Fintan O’Toole: The UK is taking back not control but tedium
Sense of danger hides fact the UK is repatriating boring stuff the EU excels at
European Commission president Jean-Claude Juncker shakes hands with UK prime minister Theresa May. Photograph: Francisco Seco/AP
Those ships have already sailed. Since last Friday, freighters leaving UK ports for Australia and New Zealand are sailing into the unknown. Their voyage will take 50 days, so they will arrive after March 29th, which means they have departed with no idea of what trading regime will apply when they try to land their goods.
From next Friday the same will be true of ships leaving Britain for ports in Asia. In its own weird way, Brexit is already replicating the conditions of heroic 18th-century imperial exploration. Every captain is a Captain Cook. These stout mariners may know where they are going in a literal sense, but they have no idea what awaits them. Quarantine? Tariffs? Demands for papers they do not have? They have left a place of legal certainty and are going into the trading equivalent of terra incognita. The 67 trade arrangements the UK has with and through the EU could lapse overnight on March 29th.
Who, at some level, would not wish to run away and join a crew of jolly jack tars, setting out on the high seas with a yo-ho-ho and several bottles of rum
In the abstract – if you’re not a real exporter actually engaged in trading tangible things – there is something thrilling about this. A little bit of Brexit is about boredom. The great problem with the EU is its day-to-day tediousness. Viewed as a historical whole, it is extraordinary, even epic. But on the mundane level, it is a bureaucratic machine. Its language is fluent acronym-ese, its methods slow and consensual, its outcomes compromised, its treaties unreadable. Who, at some level, would not wish to run away and join a crew of jolly jack tars, setting out on the high seas with a yo-ho-ho and several bottles of rum to keep reality at bay?
In truth, this question of boredom is rather more complicated. One of the things we’ve all had to learn since June 2016 is precisely that we don’t have to think about the boring stuff because the EU does it for us. Only when it is thrown into doubt do we realise how much tedium the EU has taken from us. Life is too short to spend it thinking about customs codes and VAT regimes and safety standards for light bulbs and roaming charges for mobile phones. The word “frictionless” has bubbled up into the Brexit lexicon as a desirable future state. But what we’ve all been forced to remember is that we have come to take frictionlessness for granted, not just on borders but in everyday life.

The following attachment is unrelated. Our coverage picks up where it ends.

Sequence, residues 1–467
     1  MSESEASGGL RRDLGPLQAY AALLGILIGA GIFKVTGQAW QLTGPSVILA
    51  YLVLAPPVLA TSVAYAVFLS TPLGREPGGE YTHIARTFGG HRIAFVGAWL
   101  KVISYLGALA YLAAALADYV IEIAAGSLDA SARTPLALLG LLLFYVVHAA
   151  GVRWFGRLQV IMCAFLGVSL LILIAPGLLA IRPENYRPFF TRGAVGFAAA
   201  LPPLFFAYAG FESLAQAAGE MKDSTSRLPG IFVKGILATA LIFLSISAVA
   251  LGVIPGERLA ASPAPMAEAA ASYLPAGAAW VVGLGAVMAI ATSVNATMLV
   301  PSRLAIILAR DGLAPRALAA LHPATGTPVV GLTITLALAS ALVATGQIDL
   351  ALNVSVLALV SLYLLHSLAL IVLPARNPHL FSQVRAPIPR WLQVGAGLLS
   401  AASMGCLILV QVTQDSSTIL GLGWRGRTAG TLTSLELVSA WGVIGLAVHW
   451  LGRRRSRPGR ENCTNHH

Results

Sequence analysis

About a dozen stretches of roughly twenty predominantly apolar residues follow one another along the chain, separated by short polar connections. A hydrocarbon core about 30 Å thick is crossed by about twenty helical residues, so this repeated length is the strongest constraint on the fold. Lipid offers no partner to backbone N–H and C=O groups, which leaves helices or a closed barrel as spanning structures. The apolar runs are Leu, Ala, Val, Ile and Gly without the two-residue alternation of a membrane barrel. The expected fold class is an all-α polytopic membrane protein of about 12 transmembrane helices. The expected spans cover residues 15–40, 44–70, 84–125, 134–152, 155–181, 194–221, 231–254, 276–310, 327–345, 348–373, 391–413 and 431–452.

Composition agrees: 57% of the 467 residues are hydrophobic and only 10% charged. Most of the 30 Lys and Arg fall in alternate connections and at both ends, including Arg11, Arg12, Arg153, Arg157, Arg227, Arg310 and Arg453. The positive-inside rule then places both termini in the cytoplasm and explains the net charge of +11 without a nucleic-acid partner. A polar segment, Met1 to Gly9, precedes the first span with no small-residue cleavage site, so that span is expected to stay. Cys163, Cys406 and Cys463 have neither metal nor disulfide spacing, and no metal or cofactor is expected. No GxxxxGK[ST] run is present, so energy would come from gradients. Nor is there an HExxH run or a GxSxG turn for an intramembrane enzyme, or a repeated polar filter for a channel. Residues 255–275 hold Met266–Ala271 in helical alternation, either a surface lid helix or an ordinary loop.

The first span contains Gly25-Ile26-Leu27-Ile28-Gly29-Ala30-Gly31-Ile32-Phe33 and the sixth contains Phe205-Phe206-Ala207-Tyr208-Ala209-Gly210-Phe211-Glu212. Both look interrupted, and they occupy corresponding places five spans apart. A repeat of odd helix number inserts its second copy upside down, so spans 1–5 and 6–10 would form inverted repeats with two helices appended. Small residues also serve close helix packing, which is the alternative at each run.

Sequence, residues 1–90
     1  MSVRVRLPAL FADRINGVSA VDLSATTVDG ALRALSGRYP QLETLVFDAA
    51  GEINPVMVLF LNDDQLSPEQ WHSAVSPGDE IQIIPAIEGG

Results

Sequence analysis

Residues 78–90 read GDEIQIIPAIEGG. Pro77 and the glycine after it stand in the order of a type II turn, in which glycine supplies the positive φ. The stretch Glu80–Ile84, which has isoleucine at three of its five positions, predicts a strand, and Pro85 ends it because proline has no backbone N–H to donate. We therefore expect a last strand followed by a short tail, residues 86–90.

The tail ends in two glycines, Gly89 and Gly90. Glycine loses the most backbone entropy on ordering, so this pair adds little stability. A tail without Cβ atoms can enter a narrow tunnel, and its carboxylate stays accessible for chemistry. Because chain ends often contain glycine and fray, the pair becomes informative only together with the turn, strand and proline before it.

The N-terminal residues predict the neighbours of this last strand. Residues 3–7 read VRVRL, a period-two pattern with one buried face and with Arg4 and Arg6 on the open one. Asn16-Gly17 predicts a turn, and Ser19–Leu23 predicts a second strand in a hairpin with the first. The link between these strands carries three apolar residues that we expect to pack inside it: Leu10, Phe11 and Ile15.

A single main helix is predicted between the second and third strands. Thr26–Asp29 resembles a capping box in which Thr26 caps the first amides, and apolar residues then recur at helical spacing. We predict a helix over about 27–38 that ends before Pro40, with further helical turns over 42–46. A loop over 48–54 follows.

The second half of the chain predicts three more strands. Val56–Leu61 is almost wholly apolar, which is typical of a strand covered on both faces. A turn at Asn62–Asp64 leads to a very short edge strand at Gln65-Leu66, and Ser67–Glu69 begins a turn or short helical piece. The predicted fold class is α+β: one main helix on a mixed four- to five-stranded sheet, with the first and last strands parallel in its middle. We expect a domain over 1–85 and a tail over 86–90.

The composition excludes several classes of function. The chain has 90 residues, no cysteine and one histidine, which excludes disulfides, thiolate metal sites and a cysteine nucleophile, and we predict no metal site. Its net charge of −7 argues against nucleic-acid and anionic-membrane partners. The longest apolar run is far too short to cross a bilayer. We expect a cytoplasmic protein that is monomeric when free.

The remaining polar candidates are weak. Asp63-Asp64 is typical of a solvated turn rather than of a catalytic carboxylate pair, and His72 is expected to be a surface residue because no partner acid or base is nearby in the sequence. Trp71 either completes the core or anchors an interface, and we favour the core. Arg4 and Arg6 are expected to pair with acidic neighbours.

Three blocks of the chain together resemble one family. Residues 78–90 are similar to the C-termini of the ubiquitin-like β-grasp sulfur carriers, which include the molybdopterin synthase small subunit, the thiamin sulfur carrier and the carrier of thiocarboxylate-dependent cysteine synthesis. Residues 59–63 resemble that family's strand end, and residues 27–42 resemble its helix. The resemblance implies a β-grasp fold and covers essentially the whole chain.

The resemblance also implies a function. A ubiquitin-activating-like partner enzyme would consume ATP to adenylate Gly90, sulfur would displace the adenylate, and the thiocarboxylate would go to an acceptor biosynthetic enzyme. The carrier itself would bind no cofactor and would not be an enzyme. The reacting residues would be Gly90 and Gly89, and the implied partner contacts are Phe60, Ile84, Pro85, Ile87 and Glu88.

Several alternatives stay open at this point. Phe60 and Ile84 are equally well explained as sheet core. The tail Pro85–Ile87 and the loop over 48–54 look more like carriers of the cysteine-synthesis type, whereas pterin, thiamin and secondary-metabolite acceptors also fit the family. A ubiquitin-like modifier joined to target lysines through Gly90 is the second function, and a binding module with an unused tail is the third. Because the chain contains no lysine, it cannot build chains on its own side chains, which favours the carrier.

The more boring the EU has become, the less boring work has to be done in the back offices of companies. Most firms no longer even have customs departments
And of course in business, too. If the EU is bureaucratic – and it is – it is because it has lifted vast burdens of bureaucracy from businesses and transferred them to itself. The more boring the EU has become, the less boring work has to be done in the back offices of companies. Most firms no longer even have customs departments. Most don’t have to think regularly about technical standards. The EU is Tedium Inc. If it’s not boring, it’s not working.
Another word for “boring” is “predictable”. In our culture, it’s a very negative word – who wants a predictable response or a predictable plot twist? Part of the appeal of the reactionary politics currently in the ascendant round the world is the allure of the unpredictable. Bored by the predictability of bland centrist politics, many voters become like readers of a good thriller for whom the highest compliment is: “Well, I didn’t see that coming!”
And yet, those same voters also expect predictability in the food they eat, in the safety of goods in the shops, in the supply chains for the factories they work in, in their right to retire to the Costa del Sol and in a million details too dull to think about. They are at once sick of predictability and hooked on it.
Here we meet one of the inescapable paradoxes of Brexit. Its member states, including the UK, have outsourced the tedium of trade regulation to the EU. Brexit presents itself as a liberation from all of that dullness. But in fact it is a repatriation of boredom. What it takes back is not “control”, but all the bureaucratic monotony, the form-filling, the box ticking, the acronyms, the technical specifications, the “sorry, mate, we don’t have your WTF-666 declaration and the office is now closed until Monday”. It will not be a bonfire of red tape; the tape will simply become red, white and blue instead.
For many people in Britain, this huge event is already excruciatingly tedious. Who can blame them? It is the same damn thing every week, every promised climax collapsing
This is why Brexit itself has already become history’s most boring revolution. Once, in the reverse alchemy of negotiation, you transmute its golden aspirations into the real world of international legal agreements, you end up with very leaden stuff. For many people in Britain, this huge event in their national life is already excruciatingly tedious. And who can blame them? It is the same damn thing every week, every promised climax collapsing into anti-climactic over-familiarity.
In this atmosphere, the allure of danger is strong. The air rushing up your trousers as you plunge from a great height is, I imagine, very invigorating. The voyage into the unknown, away from the dreary dockyards of predictability, is exciting. Until, after a long time all at sea, you arrive at some dismal port only to be kept in quarantine, unable to land and unwilling to go back where you came from.